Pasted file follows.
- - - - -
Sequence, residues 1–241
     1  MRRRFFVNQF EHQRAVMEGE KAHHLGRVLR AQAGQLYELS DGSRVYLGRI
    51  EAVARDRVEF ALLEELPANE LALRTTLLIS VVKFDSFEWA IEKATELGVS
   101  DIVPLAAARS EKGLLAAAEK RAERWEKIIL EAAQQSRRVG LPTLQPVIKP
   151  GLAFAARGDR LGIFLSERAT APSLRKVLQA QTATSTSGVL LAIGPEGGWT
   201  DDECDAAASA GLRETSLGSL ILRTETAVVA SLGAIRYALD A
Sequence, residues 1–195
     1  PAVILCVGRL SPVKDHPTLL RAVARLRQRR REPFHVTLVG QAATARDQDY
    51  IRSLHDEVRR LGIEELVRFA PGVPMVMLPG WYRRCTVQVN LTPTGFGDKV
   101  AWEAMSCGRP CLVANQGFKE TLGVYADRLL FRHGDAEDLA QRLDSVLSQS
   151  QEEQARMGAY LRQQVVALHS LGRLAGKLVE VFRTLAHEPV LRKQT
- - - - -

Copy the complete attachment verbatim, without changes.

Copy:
Sequence, residues 1–241
     1  MRRRFFVNQF EHQRAVMEGE KAHHLGRVLR AQAGQLYELS DGSRVYLGRI
    51  EAVARDRVEF ALLEELPANE LALRTTLLIS VVKFDSFEWA IEKATELGVS
   101  DIVPLAAARS EKGLLAAAEK RAERWEKIIL EAAQQSRRVG LPTLQPVIKP
   151  GLAFAARGDR LGIFLSERAT APSLRKVLQA QTATSTSGVL LAIGPEGGWT
   201  DDECDAAASA GLRETSLGSL ILRTETAVVA SLGAIRYALD A
Sequence, residues 1–195
     1  PAVILCVGRL SPVKDHPTLL RAVARLRQRR REPFHVTLVG QAATARDQDY
    51  IRSLHDEVRR LGIEELVRFA PGVPMVMLPG WYRRCTVQVN LTPTGFGDKV
   101  AWEAMSCGRP CLVANQGFKE TLGVYADRLL FRHGDAEDLA QRLDSVLSQS
   151  QEEQARMGAY LRQQVVALHS LGRLAGKLVE VFRTLAHEPV LRKQT